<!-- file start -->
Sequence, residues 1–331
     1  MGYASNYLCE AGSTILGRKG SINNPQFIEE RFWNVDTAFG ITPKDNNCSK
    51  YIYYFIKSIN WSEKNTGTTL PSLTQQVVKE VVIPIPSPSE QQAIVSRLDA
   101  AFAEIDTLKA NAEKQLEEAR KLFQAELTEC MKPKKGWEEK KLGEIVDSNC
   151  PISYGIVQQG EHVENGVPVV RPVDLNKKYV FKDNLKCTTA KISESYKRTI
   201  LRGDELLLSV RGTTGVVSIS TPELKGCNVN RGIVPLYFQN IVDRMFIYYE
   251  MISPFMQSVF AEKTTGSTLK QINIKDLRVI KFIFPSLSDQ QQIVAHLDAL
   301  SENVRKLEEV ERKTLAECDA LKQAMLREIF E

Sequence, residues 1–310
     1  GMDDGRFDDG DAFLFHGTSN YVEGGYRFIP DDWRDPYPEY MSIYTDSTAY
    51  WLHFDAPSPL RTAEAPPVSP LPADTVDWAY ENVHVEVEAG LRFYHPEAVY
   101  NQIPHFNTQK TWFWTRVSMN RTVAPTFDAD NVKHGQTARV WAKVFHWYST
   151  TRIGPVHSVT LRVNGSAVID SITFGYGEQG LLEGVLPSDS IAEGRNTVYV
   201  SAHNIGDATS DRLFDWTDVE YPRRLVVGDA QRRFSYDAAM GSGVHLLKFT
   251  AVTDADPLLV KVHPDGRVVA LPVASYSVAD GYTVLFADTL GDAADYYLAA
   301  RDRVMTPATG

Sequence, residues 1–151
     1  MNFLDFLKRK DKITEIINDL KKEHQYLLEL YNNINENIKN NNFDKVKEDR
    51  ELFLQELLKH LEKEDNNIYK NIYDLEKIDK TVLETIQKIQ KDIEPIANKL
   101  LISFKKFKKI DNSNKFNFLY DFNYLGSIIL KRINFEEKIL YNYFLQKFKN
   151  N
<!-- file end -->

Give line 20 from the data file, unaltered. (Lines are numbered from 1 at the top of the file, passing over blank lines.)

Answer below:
   101  LISFKKFKKI DNSNKFNFLY DFNYLGSIIL KRINFEEKIL YNYFLQKFKN